If there is an arbitration clause in an agreement, courts are obligated to enforce it so long as the court determines that the dispute is subject to the clause in the agreement. H.R.S. section 658A-6, H.R.S. section 658A-7. Moreover, if (i) a party to the contract files a motion to compel arbitration or (ii) the court orders arbitration, then the court shall stay any proceeding that involves the same claim(s). H.R.S. section 658A-7.

Hawaii Revised Statutes (“H.R.S”) section 658A-6 states the following:

(a) An agreement contained in a record to submit to arbitration any existing or subsequent controversy arising between the parties to the agreement is valid, enforceable, and irrevocable except upon a ground that exists at law or in equity for the revocation of a contract.

(b) The court shall decide whether an agreement to arbitrate exists or a controversy is subject to an agreement to arbitrate.

(c) An arbitrator shall decide whether a condition precedent to arbitrability has been fulfilled and whether a contract containing a valid agreement to arbitrate is enforceable.

(d) If a party to a judicial proceeding challenges the existence of, or claims that a controversy is not subject to, an agreement to arbitrate, the arbitration proceeding may continue pending final resolution of the issue by the court, unless the court otherwise orders.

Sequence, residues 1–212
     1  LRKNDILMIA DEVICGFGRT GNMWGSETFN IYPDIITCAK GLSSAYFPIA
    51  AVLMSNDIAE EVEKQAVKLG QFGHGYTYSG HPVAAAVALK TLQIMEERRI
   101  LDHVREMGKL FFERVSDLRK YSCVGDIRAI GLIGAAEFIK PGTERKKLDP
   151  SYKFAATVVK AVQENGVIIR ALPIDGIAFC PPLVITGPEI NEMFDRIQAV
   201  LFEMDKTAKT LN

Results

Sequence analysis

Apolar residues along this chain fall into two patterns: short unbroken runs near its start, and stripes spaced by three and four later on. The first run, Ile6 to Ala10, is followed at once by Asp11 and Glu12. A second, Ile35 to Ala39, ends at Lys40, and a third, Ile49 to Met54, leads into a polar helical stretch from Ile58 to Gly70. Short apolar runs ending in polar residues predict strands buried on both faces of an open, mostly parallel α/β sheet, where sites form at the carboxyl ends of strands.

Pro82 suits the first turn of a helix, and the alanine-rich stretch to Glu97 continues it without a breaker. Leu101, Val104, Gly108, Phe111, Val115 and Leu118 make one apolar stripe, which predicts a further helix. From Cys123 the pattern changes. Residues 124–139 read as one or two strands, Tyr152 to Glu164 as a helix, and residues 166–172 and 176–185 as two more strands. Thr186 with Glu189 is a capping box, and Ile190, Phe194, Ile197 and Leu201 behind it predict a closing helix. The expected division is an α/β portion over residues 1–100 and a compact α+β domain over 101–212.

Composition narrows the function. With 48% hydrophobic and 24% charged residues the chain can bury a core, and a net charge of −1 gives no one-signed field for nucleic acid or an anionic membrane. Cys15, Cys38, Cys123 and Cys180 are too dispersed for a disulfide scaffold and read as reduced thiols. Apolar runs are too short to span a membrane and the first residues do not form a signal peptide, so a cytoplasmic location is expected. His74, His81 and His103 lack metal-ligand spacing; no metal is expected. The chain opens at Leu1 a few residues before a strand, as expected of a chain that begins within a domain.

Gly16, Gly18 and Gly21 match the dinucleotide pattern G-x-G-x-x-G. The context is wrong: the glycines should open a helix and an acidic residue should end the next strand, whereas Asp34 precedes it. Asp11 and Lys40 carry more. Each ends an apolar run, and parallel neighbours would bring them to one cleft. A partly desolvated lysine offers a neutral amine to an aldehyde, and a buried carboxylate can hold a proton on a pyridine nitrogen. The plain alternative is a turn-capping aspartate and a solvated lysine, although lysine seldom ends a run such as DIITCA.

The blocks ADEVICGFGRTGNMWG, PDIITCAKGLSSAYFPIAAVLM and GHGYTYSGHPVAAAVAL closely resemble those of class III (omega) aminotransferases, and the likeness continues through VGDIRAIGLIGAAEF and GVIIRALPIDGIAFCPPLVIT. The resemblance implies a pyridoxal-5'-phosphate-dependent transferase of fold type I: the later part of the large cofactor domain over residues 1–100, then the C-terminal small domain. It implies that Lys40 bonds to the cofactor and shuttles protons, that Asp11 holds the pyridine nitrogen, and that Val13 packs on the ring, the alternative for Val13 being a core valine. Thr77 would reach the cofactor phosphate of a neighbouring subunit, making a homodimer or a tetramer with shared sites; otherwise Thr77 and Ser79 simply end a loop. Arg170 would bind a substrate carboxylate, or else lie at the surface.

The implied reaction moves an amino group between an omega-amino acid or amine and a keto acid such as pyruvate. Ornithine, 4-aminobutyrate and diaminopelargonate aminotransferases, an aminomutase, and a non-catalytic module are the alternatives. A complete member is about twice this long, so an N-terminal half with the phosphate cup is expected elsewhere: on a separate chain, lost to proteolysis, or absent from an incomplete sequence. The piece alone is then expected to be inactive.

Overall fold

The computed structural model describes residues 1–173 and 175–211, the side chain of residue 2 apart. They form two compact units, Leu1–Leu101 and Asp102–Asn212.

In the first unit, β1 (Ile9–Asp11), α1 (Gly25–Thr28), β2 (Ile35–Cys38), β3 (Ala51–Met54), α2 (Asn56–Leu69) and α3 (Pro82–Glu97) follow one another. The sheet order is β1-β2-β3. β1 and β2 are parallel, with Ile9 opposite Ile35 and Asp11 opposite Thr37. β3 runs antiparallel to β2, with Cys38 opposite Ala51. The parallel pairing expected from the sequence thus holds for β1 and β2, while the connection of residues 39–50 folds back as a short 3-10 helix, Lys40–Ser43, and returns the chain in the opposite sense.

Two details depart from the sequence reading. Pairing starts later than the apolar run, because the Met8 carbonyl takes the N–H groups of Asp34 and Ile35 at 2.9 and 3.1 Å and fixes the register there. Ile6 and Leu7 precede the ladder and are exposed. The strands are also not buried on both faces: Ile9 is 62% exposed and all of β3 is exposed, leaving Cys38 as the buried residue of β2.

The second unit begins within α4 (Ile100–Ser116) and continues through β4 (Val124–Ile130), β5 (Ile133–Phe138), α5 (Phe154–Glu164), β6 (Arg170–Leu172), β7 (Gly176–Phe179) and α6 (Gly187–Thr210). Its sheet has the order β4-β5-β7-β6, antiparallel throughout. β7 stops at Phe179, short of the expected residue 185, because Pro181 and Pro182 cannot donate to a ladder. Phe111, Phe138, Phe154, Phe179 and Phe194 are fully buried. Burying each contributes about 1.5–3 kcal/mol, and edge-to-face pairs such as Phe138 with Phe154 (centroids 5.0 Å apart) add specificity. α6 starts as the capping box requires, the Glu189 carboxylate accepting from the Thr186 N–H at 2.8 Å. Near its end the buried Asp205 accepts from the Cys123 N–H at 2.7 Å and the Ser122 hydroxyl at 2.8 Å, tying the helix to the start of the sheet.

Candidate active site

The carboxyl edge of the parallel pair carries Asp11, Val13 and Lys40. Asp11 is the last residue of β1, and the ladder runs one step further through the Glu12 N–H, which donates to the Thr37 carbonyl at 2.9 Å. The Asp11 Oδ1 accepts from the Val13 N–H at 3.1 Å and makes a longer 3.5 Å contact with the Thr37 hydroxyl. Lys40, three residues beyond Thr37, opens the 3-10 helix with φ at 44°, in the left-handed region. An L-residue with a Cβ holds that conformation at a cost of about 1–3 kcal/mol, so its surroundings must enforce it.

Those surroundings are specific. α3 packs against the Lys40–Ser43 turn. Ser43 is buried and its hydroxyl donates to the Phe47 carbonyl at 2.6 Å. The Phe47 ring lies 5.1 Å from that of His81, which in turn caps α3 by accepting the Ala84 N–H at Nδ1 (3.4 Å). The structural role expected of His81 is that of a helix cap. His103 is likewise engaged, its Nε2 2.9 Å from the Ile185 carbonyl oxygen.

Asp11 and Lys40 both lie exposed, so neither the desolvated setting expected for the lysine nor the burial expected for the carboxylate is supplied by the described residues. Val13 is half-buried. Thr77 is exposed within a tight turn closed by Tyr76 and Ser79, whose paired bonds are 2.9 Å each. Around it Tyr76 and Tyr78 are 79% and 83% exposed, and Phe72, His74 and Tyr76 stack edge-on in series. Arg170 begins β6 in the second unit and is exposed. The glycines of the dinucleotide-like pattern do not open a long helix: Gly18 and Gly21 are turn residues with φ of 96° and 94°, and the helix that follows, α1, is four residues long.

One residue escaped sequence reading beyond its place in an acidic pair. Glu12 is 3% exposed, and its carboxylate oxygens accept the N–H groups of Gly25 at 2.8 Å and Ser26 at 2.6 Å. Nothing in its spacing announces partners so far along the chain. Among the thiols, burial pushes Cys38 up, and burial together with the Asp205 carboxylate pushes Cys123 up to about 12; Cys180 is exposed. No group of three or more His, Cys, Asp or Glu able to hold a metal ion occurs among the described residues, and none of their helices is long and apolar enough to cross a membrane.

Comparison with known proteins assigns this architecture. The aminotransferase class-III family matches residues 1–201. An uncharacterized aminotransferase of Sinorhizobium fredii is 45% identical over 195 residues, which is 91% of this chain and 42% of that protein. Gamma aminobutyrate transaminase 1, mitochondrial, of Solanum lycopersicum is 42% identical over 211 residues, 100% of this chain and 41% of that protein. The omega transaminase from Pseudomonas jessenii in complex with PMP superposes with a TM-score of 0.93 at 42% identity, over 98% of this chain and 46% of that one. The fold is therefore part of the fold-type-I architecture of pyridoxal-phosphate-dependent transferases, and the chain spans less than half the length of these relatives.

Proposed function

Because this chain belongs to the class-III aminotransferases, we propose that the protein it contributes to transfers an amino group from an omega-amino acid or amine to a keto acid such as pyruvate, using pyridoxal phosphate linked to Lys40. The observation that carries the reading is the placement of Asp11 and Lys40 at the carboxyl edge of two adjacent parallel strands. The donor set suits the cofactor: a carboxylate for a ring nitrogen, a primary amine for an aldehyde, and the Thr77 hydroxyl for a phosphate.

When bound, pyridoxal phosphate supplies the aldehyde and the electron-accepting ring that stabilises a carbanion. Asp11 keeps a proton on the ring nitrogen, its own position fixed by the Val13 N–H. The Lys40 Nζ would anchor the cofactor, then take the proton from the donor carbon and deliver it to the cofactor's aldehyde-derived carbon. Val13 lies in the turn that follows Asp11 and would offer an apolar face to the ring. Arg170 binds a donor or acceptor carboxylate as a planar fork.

Further, H.R.S. section 658A-7 provides,

(a) On motion of a person showing an agreement to arbitrate and alleging another person’s refusal to arbitrate pursuant to the agreement:

(1) If the refusing party does not appear or does not oppose the motion, the court shall order the parties to arbitrate; and

(2) If the refusing party opposes the motion, the court shall proceed summarily to decide the issue and order the parties to arbitrate unless it finds that there is no enforceable agreement to arbitrate.

(b) On motion of a person alleging that an arbitration proceeding has been initiated or threatened but that there is no agreement to arbitrate, the court shall proceed summarily to decide the issue. If the court finds that there is an enforceable agreement to arbitrate, it shall order the parties to arbitrate.

(c) If the court finds that there is no enforceable agreement, it shall not, pursuant to subsection (a) or (b), order the parties to arbitrate.

(d) The court shall not refuse to order arbitration because the claim subject to arbitration lacks merit or grounds for the claim have not been established.

(e) If a proceeding involving a claim referable to arbitration under an alleged agreement to arbitrate is pending in court, a motion under this section shall be made in that court. Otherwise a motion under this section shall be made in any court as provided in section 658A-27.